July 13, 1769, Kellyville, Stradbally, Queens County, Ireland.
May 14, 1855, Dublin, Ireland.
Near the Kelly family home at Kellyville, Ballyadams, Queens County (now County Laois).
Son of a judge, Kelly attended Trinity College (BA 1789) and planned to be a lawyer. After converting to Christ, though, his career plans changed to the ministry. He became an Anglican priest in 1792, but eventually became one of the famous
dissenting ministers. He wrote over 760 hymns. Miller’s Singers of the Church (1869) says of him:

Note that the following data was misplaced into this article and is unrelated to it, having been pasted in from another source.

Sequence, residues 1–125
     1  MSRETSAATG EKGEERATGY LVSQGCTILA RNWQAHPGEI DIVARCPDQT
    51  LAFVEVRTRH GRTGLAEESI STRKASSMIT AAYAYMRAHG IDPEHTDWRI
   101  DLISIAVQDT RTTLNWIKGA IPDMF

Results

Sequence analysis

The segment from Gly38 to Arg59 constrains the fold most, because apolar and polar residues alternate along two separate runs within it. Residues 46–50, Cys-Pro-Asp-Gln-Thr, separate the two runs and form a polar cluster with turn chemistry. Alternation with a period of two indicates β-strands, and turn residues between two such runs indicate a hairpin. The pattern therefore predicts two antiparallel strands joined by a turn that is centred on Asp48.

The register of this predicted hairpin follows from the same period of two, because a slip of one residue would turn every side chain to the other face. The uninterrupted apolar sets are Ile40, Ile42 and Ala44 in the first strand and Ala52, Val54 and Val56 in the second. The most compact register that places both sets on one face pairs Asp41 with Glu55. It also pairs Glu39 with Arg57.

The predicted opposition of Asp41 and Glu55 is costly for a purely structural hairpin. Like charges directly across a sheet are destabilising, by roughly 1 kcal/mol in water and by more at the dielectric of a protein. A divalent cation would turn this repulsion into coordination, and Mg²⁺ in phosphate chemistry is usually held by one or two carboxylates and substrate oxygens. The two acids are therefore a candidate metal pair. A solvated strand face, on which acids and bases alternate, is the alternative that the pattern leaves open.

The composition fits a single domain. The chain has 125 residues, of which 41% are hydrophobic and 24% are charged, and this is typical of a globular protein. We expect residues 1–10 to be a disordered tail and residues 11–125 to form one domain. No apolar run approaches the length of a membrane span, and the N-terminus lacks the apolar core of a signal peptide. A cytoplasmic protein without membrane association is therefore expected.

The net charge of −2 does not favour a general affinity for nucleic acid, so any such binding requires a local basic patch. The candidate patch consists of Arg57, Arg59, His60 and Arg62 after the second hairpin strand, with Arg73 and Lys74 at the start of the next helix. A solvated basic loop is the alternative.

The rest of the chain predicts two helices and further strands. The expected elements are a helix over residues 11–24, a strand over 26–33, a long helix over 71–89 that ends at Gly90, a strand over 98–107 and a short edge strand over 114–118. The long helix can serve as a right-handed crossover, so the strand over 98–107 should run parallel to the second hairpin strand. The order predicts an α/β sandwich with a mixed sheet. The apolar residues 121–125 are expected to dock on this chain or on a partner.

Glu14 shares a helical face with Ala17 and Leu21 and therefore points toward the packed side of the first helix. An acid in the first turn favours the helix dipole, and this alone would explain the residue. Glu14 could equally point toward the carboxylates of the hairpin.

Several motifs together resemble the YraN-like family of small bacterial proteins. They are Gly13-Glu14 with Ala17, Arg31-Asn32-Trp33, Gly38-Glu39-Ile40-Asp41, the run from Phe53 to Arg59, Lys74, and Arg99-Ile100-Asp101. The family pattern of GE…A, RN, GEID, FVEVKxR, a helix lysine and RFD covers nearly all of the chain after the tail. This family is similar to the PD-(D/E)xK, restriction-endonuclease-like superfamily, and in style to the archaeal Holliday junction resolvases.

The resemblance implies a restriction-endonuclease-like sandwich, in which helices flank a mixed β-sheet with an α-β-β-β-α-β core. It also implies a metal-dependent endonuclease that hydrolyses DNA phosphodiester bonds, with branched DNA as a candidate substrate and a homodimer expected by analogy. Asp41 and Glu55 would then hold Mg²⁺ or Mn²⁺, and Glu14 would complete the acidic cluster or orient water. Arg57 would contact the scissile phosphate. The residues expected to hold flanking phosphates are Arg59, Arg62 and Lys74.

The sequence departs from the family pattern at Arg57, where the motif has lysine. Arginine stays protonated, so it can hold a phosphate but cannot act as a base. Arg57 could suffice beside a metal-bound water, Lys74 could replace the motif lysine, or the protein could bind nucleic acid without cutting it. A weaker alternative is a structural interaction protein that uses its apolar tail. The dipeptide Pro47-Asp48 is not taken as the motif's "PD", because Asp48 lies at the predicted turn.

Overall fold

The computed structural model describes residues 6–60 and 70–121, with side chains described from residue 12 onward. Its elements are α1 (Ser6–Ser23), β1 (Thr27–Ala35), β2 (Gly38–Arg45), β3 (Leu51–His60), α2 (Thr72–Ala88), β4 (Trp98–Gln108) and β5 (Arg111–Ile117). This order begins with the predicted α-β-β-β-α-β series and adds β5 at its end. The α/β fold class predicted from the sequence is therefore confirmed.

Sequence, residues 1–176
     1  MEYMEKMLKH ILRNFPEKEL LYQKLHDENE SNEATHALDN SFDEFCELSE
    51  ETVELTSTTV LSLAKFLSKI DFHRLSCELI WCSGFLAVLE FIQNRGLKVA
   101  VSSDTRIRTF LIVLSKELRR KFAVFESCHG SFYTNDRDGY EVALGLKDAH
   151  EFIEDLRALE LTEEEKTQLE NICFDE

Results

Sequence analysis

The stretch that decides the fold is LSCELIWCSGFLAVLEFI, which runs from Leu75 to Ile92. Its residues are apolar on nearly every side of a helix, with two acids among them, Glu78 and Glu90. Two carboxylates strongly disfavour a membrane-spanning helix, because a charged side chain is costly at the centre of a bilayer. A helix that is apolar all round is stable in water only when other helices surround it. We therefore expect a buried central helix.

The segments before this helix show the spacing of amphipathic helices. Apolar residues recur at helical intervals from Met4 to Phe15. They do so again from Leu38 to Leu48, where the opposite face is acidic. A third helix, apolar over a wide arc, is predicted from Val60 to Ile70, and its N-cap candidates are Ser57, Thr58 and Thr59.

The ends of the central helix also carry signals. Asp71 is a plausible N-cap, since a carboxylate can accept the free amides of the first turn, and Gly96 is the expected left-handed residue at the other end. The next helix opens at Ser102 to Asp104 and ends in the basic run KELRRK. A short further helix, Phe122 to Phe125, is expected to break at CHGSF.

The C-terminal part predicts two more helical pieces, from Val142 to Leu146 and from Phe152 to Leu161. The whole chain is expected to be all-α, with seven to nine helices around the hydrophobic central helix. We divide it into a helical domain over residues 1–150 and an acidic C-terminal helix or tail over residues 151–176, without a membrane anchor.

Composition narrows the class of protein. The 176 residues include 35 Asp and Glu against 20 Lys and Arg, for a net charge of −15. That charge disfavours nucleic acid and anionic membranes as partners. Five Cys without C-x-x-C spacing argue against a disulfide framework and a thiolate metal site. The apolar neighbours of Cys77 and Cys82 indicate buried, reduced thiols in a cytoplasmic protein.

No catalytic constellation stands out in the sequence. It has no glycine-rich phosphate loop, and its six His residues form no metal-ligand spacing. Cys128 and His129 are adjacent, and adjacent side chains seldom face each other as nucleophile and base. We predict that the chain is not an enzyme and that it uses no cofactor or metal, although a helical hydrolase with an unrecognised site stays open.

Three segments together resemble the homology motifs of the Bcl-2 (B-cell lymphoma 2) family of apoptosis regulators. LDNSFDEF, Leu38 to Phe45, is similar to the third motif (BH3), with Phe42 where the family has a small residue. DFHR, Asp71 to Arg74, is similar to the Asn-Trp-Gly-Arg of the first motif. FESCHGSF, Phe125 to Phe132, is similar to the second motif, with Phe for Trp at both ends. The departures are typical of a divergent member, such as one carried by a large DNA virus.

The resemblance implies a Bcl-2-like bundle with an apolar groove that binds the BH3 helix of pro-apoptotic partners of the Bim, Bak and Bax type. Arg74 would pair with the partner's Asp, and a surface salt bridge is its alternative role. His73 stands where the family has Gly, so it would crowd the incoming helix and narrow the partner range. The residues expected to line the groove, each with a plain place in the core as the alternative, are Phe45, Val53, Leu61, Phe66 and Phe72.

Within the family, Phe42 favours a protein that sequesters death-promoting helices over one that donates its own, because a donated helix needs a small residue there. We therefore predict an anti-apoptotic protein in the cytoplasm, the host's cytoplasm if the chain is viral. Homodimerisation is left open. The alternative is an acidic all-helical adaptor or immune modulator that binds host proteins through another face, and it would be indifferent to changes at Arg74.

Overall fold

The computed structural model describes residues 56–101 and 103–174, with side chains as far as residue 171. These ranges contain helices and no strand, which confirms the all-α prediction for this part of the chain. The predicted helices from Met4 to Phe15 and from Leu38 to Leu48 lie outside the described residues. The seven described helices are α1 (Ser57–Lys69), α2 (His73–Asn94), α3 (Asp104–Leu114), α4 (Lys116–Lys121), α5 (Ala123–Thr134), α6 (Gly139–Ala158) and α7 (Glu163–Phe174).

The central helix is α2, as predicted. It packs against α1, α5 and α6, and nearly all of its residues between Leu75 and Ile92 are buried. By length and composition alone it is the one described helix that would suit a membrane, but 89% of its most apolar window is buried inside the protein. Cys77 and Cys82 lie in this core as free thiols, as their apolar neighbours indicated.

Mr. Kelly was a man of great and varied learning, skilled in the Oriental tongues, and an excellent Bible critic. He was possessed also of musical talent, and composed and published a work that was received with favour, consisting of music adapted to every form of metre in his hymn-book. Naturally of an amiable disposition and thorough in his Christian piety, Mr. Kelly became the friend of good men, and the advocate of every worthy, benevolent, and religious cause. He was admired alike for his zeal and his humility; and his liberality found ample scope in Ireland, especially during the year of famine.
Kelly’s works include: